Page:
Junior English: ENG 301/302
Instructor: Laura Wight
In English 3, students encounter the American literary heritage from its beginning to the present and become familiar with the traditions from different periods in literature while reading essays, poetry, short stories, novels, historical speeches, essays, and other pieces of non-fiction written by foremost US writers. Analytical reading instruction extends understanding of literary elements and language and writing instruction extends proficiency in the three modes of writing as outlines by the Common Core State Standards (CCSS): narrative, explanatory/informative, and argumentative. In addition, students develop CCSS language standards.
Module 0: Course Intro:
In this module, you will find information about the course structure, pacing, Grading policy, and expectations. You will also learn about and how to contact your instructor, and participate in your opening course discussion.
Module 1 - The American Dream:
In this module, you will read a variety of texts and be asked to think about ideas and concepts that are “American.” For the first embedded assessment, you will define what it means to be an American. Some words, concepts, and ideas are too complex for a simple definition and require a multi-paragraph essay to define. Definitions also provide a writer the opportunity to clear up misconceptions about a concept or idea. You will learn to define a word or concept using four definition strategies: by example, by classification, by function, and by negation.
Module 2 - The Power of Persuasion:
In Module 2, students continue to explore the American Dream, this time through a lens of persuasive literature. Students will study persuasive speeches and investigate how rhetorical appeals and rhetorical devices are used in classic American speeches such as Abraham Lincoln's Gettysburg Address and Franklin D. Roosevelt's First Inaugural Address. The unit highlights America's commitment to freedom of speech by looking closely at the rhetorical tools used by writers and speakers to persuade an audience and to make a statement about American society.
Module 3 - American Forums: The Marketplace of Ideas
Central to any democracy is the way writers use language to influence public opinion. This module will guide students to discern between arguments that use careful reasoning based on sound evidence and those that rely instead on manipulation, biased language, and fallacious reasoning. In this module, students will examine both editorial writing and satire as key genres through which writers make statements about issues of the day. Through careful study of how writers use language and evidence, the module explores the distinction between persuasion and manipulation, and challenges students to construct their own, well-crafted texts.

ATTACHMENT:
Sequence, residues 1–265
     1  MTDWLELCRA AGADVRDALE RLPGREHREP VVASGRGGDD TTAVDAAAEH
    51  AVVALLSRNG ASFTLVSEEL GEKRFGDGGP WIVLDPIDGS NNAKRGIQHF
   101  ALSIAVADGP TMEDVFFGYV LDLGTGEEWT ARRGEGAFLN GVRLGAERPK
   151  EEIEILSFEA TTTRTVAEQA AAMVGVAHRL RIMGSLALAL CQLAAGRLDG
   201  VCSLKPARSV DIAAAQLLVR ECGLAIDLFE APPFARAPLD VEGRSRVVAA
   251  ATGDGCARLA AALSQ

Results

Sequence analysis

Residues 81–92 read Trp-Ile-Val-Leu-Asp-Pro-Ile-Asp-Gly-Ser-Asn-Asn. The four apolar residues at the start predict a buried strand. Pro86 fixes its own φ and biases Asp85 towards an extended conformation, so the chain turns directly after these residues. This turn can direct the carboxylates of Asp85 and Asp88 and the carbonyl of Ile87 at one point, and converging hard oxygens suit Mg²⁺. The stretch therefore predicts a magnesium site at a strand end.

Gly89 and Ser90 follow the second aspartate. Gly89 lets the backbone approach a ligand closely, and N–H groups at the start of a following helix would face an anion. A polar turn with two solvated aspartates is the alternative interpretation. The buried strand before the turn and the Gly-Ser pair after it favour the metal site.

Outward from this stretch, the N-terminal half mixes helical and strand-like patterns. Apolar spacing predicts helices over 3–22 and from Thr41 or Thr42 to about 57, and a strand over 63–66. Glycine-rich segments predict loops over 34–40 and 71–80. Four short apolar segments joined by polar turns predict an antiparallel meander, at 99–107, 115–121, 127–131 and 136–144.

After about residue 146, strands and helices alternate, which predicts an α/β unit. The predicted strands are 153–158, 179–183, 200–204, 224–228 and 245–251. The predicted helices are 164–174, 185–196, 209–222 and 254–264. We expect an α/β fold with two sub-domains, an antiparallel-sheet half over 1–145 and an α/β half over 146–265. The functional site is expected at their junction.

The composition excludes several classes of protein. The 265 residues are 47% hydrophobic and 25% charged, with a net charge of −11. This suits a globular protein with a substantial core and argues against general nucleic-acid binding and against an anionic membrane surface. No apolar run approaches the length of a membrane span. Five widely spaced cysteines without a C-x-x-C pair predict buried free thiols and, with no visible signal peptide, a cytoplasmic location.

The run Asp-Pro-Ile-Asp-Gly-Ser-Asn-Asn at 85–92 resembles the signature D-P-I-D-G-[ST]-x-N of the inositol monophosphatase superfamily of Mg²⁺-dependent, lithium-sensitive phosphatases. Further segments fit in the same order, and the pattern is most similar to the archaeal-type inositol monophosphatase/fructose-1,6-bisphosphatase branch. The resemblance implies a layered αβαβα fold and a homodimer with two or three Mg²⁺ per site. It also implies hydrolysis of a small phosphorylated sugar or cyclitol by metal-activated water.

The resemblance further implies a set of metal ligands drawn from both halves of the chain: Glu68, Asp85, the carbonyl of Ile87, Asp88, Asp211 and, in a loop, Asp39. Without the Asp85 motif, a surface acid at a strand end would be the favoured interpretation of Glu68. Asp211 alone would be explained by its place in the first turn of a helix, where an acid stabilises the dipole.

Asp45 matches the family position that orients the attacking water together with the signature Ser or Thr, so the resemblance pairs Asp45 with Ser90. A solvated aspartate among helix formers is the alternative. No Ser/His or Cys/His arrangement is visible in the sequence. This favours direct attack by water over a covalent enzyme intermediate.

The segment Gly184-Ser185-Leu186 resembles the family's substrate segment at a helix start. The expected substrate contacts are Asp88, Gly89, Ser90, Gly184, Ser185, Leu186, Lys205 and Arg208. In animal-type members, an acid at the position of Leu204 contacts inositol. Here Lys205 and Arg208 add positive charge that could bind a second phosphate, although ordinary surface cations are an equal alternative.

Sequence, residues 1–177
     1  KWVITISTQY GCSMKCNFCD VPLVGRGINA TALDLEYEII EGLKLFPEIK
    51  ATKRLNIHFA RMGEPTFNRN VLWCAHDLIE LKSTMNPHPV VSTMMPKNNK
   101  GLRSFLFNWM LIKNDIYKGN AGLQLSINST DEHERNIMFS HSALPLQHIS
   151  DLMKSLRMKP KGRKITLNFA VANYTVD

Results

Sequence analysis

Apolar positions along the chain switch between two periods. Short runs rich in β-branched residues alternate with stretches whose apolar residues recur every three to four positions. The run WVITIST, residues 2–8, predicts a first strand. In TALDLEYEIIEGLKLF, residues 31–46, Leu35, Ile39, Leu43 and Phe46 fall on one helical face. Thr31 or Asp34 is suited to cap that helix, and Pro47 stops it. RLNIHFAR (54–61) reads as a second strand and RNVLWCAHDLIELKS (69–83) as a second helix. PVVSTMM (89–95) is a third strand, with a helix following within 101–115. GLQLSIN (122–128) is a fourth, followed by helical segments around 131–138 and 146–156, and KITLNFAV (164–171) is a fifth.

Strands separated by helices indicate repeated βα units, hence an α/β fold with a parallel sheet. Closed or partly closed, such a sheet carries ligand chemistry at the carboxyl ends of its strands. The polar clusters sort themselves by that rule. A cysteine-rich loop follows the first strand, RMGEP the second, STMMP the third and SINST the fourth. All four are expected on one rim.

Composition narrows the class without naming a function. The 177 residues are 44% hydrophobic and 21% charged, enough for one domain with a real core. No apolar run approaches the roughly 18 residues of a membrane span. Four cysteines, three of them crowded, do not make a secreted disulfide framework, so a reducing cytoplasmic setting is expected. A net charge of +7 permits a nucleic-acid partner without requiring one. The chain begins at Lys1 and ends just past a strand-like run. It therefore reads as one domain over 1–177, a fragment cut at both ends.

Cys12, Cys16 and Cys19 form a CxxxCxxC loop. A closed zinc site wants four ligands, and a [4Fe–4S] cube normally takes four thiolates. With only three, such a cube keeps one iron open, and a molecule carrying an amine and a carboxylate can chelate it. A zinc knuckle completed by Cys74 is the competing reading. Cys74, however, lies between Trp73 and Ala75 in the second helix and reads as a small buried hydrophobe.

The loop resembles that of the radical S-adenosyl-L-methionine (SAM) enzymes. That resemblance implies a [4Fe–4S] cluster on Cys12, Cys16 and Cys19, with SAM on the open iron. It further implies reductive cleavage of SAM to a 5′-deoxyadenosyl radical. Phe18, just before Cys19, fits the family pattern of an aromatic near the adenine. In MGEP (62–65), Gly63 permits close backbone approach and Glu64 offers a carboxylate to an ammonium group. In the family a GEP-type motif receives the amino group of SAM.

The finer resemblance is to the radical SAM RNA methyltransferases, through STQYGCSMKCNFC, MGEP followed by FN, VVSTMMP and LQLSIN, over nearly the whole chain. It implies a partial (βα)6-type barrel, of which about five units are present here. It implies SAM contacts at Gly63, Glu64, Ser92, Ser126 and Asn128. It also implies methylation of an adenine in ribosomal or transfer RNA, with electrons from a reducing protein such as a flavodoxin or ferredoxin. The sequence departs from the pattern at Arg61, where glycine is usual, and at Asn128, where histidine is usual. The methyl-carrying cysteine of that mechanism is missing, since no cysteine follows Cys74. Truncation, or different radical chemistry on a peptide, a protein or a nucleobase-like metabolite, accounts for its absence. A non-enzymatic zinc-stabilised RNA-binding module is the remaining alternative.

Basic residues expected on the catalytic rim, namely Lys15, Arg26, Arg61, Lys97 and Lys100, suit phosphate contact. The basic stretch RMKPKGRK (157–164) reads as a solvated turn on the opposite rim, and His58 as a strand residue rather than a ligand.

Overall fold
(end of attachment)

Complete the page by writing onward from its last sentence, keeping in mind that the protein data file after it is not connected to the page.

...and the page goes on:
Module 4 - American Journey: Their Eyes Were Watching God
In this module, students will analyze how multiple perspectives converge in a literary movement by conducting research and analyzing a variety of texts to create a collaborative presentation on the Harlem Renaissance. Their understanding of this cultural period in American History, famed for its creative outpouring of African American literature and arts, will prepare them to delve deeply into one work of fiction: Zora Neale Hurston's Their Eyes Were Watching God. They will apply their knowledge of the predominant philosophies, values, and beliefs of the Harlem Renaissance in order to analyze how Hurston's novel is both a reflection of and a departure from this literary movement.
- Developing a deep understanding of rhetoric and how an author presents his/ her argument through a variety of literary and stylistic elements
- Applying the elements of a strong argument including the hook, claim, support, concessions/refutations, and call to action